Author: Alastair Reynolds
Published: Out Now
RRP: £18.99 Hardback
The galaxy has seen great empires rise and fall. Planets have shattered and been remade. Amongst the ruins of alien civilisations, building our own from the rubble, humanity still thrives. And there are vast fortunes to be made if you know where to find them,
Captain Rackamore and his crew do. Its their business to find the tiny enigmatic worlds which have hidden away, booby-trapped, surrounded with layers of protection – and to crack them open for the ancient relics and barely-remembered technologies inside. But while they ply their risky trade with integrity, not everyone is so scrupulous.
Adrana and Fura Ness are the newest members of Rackamore’s crew, signed on to save their family from bankruptcy. Only Rackamaore has enemies, and there might be more waiting for them in space than adventure and fortune: the fabled and feared Bosa Sennen in particular.
Ahoy me hearties – Pirates (bar innumerable dodgy sequels of certain films) are one of those things I have a soft spot for. I also love space so when you have a story with pirates IN space its safe to say I am going to have a nosey and I can happily confirm this is a tale worthy of sitting around ye olde inn fire to read.
The young Ness sisters are in a tight spot when we meet them their widowed father is in financial difficulties. The eldest Adrana has hit upon an idea being young they may be suitable to be ‘reading the bones’ a fantastic method of intra-planetary communication where messages are channelled through an alien’s dead skull. Fortunately both are rated highly and are swiftly recruited by Captain Rackamore a semi-respectable space captain who takes part in the profitable business of finding in space a ‘bauble’ effectively a dug out asteroid /space station of the ancient past of the earth for profitable logn lost technology such as an eyeglass that can see through anything. Apart from their father understandably angry at losing his daughters all seems to be going well. Unfortunately the ship and her crew are raided by the mysterious Bosa Sennen in a brutal attack separating the sisters and leaving Fura adrift on a ship in empty space.
You may not be surprised considering the title that Fura’s quest for her sister also has a huge element of seeking revenge for the attack on her crew and captain. Reynolds is asking how far is a person willing to go for someone they love and will that change you? Fura is the quiet book-loving younger sister and Adrana is the thrill-seeker who got them on board. But Fura uses that intelligence and ability to analyse events to make herself extremely focused – she strategises, can manipulate people and is willing to push her own body to the limits and defy her family just to get her sister back. I found her a fascinating character and at times unlikeable but you do see her own self-horror at how she now makes decisions she knows a few weeks ago she would not even contemplate. Her personal reactions is one the strongest parts of the book pushing out to find out how the story ends.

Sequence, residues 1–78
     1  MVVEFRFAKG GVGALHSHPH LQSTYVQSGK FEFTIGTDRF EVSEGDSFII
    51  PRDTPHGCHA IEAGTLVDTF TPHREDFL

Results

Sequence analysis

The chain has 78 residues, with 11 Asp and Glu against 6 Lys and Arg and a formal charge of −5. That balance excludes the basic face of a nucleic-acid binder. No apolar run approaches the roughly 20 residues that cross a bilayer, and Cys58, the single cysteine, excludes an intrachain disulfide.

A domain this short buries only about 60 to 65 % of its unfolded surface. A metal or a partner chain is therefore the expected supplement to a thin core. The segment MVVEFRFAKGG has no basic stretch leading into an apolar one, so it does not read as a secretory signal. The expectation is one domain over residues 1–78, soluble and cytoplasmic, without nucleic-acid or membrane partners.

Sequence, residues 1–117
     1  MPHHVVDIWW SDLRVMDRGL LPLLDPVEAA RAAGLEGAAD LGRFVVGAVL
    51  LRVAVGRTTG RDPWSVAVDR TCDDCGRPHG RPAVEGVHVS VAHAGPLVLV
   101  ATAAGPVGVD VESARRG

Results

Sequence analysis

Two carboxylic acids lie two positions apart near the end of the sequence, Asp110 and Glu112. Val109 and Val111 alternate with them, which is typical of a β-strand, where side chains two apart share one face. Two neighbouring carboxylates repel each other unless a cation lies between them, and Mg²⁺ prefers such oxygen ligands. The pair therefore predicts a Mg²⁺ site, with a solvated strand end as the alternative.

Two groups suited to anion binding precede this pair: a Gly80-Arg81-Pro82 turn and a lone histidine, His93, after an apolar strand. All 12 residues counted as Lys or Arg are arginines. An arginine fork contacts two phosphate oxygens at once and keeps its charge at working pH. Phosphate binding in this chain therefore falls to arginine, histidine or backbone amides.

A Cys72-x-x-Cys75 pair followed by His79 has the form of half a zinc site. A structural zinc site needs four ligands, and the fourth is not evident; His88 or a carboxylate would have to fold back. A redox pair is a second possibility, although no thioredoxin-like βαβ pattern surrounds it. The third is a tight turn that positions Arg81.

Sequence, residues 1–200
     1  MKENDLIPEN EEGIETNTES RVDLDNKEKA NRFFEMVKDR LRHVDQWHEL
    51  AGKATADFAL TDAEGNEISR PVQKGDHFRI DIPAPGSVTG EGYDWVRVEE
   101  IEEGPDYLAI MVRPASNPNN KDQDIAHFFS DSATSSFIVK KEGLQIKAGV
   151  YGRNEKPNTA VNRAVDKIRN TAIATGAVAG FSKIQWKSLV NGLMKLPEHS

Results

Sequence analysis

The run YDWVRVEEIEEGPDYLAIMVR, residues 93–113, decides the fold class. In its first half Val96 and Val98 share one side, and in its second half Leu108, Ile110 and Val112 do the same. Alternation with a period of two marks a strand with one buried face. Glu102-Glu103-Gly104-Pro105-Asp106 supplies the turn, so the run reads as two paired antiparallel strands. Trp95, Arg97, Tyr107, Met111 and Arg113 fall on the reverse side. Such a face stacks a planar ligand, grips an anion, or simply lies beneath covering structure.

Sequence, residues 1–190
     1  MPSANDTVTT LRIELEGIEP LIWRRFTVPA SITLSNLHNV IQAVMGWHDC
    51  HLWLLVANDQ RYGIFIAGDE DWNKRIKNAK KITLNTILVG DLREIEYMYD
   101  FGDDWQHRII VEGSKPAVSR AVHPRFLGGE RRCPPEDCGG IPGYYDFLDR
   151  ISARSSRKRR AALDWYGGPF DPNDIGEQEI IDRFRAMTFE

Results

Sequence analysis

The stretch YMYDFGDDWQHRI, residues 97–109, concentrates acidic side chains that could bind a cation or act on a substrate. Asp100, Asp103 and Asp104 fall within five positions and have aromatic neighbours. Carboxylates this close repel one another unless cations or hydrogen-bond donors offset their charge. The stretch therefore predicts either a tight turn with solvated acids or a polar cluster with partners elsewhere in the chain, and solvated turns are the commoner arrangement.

Characters in SF have occasionally been felt to be secondary to the ideas but there is a great supporting cast who keep crossing the sister’s lives. Two stand-outs in particular are Prozor a veteran of the ships who both is responsible for training the Nesses in space life but she develops a fascinating bond with Fura that the attack by the pirates dramatically impacts. And lurking in the shadows but both when referenced and when she arrives on the page Bossa Sennen is a terrifying woman - merciless, clever and one of those villains where you are not sure what she will do next. This diverse cast work really well and so nice to see female characters take centre stage in what could be considered a male genre.
The other major plus is the universe this story sits in. Like Firefly this is just one solar system but one at the end of the sun’s life. Every planet and asteroid mined and major planets destroyed. It’s a fascinating setting with the baubles full of treasure, thousands of small and unique settlements and the beautiful idea of ships powered by solar sails. Using the idea of 18th century sailing Reynolds has made a SF version that gives this story an immense amount of depth. This both supports key parts of the story as it develops but you get a huge sense that beyond this story there is a whole universe waiting to be unpicked but this works as a standalone so no cliff-hanger to worry about.
I only had two niggles. The first quarter of the book spends a lot of time creating the world and getting the sisters into space. While it pays off as the remainder of the book really does move fast after that it can appear like it treads water. I would recommend stick with it as when the pirates arrive things HAPPEN! The only other issue is Revenger is supposedly YA and I’m not sure – it’s a VERY violent tale and I’m not totally sure would completely work for a teenager (caveat it’s been a while since I was one!). But at the same time it is responsible enough to show the consequences of violence particularly on Fura.
So ultimately I totally recommend this treasure of a tale and recommend you coves to it or else face the plank – arghh!